Chuck Todd of NBC News is traveling the country, talking to voters, and generally filing interesting reports. But in his report on Arkansas, he repeats a familiar, and false, trope:
Cotton looks poised to win in the state, but if you're trying to figure out why he hasn't put this race away yet, one thing that can't be ignored is his vote against the farm bill. It came up in our talk with Arkansas farmers here -- who were less Pryor Democrats than Clinton Republicans. If it were a disqualifying issue for Cotton, he'd be losing, but it is certainly something that's resonated in a negative way. This is a conservative state, but it's not one that's anti-federal government the way some other Southern states are (or at least are stereotyped to be.) These folks want to be a partner with government.
Two major points about the Farm Bill that Todd ignores.
First, it does little to help the average Arkansan. The Farm Bill is loaded with payoffs that accrue primarily to the wealthiest farmers in the country. Moreover, even the benefits distributed to rich farms usually do not go to the workers who run the farms, the people who supply those farms with equipment, feed, or seed -- or generally anybody with elastic inputs to contribute to the farm economy. Subsidies increase prices temporarily, but these only only induce new people to enter the market, so existing suppliers just end up facing stiffer competition, which drives prices back down.
So, the farm bill helps one group of people: those who own the land. To be more specific, it helps people who owned the land when the subsidies were increased. They collect windfall profits. Later buyers of the land end up paying more because the subsidies drive up the price they must pay.
Second, it is a massive logroll that has become a less and less good deal for rural America. What do you suppose the average Arkansan thinks of the extraordinary increase in food stamp participation over the last six years? I’ll bet dollars to donuts that these voters do not like it. Well, guess where it comes from? The Farm Bill. Since the 1970s food stamps and farm subsidies have been intertwined in the Farm Bill. They have no logical relationship to one another; they are rather combined for purely political purposes. That is, linking them together creates a logroll that protects parochial interests that could probably not survive a straight up or down vote on the House or Senate floor.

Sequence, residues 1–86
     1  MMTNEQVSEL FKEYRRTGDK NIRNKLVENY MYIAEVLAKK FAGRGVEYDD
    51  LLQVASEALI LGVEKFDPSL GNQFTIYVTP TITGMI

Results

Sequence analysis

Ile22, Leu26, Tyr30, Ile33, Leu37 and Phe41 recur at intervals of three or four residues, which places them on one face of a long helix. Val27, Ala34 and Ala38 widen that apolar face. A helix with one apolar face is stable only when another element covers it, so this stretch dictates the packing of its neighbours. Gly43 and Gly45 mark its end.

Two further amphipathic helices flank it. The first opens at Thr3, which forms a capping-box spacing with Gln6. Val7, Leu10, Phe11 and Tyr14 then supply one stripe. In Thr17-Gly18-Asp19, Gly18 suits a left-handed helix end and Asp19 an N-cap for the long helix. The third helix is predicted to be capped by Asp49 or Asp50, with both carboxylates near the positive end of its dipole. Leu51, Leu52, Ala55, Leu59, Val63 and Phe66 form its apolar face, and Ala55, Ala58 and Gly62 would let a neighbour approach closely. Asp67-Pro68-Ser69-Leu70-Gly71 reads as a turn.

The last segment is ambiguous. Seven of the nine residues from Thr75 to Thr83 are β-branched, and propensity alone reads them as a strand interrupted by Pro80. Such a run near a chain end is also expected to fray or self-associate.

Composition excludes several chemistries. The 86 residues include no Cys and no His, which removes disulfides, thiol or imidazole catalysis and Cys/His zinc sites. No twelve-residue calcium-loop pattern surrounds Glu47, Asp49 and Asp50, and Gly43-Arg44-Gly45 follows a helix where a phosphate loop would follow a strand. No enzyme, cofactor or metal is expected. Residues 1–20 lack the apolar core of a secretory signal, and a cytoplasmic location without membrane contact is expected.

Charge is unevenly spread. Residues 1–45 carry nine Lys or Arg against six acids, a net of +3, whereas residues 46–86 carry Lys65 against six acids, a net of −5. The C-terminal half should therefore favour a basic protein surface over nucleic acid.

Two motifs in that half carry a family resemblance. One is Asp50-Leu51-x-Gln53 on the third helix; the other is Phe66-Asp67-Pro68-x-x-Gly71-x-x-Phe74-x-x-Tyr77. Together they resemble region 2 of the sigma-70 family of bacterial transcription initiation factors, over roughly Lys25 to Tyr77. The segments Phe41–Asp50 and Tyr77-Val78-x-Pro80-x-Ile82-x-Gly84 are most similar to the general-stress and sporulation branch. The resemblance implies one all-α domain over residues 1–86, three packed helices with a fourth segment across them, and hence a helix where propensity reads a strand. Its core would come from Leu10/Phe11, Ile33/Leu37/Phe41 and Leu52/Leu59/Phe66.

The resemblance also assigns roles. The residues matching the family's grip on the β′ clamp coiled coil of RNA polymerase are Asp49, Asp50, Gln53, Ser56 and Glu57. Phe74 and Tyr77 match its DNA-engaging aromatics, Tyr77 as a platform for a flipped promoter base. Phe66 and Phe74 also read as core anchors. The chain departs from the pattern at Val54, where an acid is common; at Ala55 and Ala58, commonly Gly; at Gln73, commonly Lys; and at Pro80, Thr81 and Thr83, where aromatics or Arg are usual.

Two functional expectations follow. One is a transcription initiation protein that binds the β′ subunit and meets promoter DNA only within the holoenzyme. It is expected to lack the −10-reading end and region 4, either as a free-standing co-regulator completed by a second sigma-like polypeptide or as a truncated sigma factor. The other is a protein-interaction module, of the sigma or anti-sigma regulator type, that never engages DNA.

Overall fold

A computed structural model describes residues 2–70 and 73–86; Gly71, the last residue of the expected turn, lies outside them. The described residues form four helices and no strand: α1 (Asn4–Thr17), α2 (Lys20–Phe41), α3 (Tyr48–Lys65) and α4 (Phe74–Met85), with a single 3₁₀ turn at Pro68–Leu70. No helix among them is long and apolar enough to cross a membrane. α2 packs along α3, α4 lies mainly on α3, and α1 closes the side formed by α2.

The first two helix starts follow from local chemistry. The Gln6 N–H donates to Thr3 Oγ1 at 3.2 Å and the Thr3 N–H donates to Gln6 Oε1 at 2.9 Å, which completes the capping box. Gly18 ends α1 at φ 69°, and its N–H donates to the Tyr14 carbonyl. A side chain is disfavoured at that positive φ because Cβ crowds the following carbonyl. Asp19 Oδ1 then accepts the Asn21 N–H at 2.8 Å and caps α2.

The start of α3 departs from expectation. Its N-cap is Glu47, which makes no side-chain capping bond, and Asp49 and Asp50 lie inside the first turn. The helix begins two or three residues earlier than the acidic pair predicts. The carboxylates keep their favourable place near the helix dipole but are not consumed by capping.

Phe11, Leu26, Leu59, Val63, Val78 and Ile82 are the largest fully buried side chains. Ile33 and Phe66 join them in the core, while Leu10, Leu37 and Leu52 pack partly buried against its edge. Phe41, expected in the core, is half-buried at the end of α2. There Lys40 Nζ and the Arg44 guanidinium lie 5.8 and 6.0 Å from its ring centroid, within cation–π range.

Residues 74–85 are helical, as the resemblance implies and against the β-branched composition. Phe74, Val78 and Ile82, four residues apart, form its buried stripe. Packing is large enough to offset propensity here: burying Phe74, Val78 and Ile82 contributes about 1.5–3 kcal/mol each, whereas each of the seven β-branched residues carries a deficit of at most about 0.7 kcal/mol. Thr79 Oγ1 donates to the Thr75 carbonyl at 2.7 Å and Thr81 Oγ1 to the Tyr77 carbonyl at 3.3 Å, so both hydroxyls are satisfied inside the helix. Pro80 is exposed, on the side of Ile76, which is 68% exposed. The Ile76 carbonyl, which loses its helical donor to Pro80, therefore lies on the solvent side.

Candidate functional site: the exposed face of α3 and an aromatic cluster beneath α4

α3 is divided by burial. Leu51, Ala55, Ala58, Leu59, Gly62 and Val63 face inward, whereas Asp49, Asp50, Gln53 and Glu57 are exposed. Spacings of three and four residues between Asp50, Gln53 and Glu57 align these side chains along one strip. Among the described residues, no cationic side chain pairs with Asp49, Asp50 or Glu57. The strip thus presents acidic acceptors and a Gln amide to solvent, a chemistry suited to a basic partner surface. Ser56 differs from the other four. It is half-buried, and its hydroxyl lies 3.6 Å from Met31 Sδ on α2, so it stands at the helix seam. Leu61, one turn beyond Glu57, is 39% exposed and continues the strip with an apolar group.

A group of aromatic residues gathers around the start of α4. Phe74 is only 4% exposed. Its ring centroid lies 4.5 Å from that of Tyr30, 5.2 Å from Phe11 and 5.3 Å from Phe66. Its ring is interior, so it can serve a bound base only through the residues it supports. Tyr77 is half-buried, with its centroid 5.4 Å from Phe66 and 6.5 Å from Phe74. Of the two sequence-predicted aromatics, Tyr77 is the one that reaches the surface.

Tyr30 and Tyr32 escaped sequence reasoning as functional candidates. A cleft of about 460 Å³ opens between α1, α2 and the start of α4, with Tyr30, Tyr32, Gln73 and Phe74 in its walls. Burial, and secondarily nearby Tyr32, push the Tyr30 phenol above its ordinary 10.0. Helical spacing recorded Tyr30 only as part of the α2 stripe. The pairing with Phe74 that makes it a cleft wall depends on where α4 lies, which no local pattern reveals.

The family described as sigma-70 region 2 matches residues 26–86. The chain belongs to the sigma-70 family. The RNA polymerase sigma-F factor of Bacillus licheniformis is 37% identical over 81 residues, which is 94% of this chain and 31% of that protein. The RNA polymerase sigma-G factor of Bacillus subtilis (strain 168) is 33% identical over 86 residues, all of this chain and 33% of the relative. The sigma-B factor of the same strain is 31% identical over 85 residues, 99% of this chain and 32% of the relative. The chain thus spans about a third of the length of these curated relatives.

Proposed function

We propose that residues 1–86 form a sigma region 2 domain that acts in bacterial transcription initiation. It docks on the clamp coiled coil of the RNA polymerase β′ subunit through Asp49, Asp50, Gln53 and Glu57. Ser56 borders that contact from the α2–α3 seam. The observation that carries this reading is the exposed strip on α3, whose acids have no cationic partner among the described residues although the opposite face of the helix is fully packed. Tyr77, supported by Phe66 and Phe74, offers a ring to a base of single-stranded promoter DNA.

All in all, the Farm Bill is a terrible deal for rural people. The benefits their communities accrue are targeted narrowly, to the most wealthy landowners. Moreover, an enormous amount of their tax dollars are spent on a broken and wasteful food stamp program.
In fact, it is worse than useless. Already isolated and often vulnerable, rural communities in this country have been going through a decades-long, painful process of economic and social contraction. The federal government is too resource-strapped to help these places in part because they waste untold billions on the terrible Farm Bill.
The matter cannot be stated more bluntly: The Farm Bill is such a lopsided deal for rural people that the entire House delegation of Kansas voted against it earlier this year. This is the same Kansas that was at the very center of the farmers’ revolt in the 1880s and 1890s. ‘nuff said.
I am putting the final edits on a book about political corruption. Chapter Nine is dedicated entirely to the Farm Bill. It is a metaphor for everything that is wrong with Washington, D.C. It is wasteful, unfair, and counterproductive to American agriculture.
That Tom Cotton voted against this monstrosity signals only one thing: he is not in hock to the special interest groups that love it. Every fair minded voter -- liberal, conservative, Democrat, Republican -- should be glad about that.
Jay Cost is a staff writer for the Weekly Standard. His new book, A Republic No More: Big Government and the Rise of Political Corruption, will be released by Encounter Books on February 10, 2015.